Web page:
I need to acknowledge the super-handy for filling in many of the blanks in my memory and to the amazing Augusta Chronicle for taking care of the rest. As I write more and look at those sites, things are starting to come back. There are certain shows and events that are crystal clear in my memory, but others needed a little jolt. After working there for around a year and seeing/working on/setting up who knows how many shows, things tend to blur a bit.

Before I get into specific experiences, I want to run down just what, exactly, my job was.

For minimum wage - $4.25 an hour – I was hired as security. I can’t remember my actual job title, but quite frankly nobody making minimum wage even deserves a job title. We always just referred to ourselves as “security”. To the public eye our jobs involved walking around the floors of the various parts of the club during open hours and making sure there was no “trouble”. This was called “roaming”. Security also worked the stage and backstage areas. These jobs basically involved keeping the public away from the talent in various ways. I’ll get more into that later.

Trouble” could be anything from underage drinking to use of illegal drugs to fighting. I have to be honest and say that during the time I worked at The Masquerade I saw very little “trouble”, but I’ll certainly be telling you about the instances I did see or have to deal with. For the most part the place was pretty chill. Every night I went in expecting bad things to happen, and 99 out of 100 nights nothing did.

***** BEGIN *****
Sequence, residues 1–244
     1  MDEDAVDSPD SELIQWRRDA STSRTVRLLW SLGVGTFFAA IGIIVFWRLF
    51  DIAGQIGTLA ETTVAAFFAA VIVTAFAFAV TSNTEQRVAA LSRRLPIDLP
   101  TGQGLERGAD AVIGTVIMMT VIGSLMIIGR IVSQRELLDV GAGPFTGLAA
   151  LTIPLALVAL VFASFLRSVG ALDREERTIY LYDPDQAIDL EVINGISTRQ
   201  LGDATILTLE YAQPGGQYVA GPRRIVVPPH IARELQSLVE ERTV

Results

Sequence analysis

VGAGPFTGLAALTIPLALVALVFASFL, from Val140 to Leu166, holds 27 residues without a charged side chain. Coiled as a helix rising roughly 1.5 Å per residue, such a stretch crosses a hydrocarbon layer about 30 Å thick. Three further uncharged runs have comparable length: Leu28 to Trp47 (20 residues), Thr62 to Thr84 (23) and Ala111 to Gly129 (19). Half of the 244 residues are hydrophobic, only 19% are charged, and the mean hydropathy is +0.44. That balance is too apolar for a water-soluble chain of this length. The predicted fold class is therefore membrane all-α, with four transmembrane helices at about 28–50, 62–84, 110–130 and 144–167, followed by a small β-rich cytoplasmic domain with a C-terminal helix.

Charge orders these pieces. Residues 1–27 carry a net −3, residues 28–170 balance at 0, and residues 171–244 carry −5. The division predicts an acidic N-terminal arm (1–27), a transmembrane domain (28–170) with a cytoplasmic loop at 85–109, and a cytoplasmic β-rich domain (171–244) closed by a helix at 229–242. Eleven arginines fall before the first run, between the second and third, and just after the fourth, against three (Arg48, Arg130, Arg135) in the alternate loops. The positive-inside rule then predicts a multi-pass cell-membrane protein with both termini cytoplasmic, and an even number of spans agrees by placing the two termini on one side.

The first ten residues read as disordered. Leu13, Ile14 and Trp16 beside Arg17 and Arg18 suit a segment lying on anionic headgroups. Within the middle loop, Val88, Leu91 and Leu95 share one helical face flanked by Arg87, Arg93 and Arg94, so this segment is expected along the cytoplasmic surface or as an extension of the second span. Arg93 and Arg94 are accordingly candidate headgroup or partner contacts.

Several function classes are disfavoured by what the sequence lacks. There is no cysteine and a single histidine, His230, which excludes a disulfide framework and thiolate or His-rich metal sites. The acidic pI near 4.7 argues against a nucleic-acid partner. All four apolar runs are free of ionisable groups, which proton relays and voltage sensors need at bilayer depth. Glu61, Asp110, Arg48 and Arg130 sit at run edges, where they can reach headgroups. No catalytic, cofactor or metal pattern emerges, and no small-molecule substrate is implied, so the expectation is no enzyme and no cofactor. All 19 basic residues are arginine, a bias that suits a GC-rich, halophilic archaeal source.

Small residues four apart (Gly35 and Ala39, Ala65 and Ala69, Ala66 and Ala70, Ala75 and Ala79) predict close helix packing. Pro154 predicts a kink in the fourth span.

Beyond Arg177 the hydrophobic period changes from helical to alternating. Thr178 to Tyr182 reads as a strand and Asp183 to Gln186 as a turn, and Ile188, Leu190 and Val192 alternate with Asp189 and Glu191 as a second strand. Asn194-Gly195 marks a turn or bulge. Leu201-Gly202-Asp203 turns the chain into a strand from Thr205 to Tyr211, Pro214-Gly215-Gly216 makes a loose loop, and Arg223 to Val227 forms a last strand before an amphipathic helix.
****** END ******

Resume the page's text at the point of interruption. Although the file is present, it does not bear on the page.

Roaming was part of the job, but there was so much more to it than just that. As far as duties during hours of operation, we were also responsible for the parking lot and “working the door”. The former involved taking cash from patrons at the entrance to the parking lot that used to be beside the venue – but not providing any sort of protection for their cars, despite what people assumed. In the latter post you would check patron’s IDs and issue wristbands that identified them as old enough to drink.

The parking lot mostly sucked and nobody really wanted to work it. Granted, there were certain perks if one was of odious enough character to take advantage of them, but for the most part you just sat at the front of the lot all night, nowhere near music or partying or any sort of entertainment. Remember – we didn’t have cell phones in 1997. It’s not like we could sit out there looking at Facebook all night.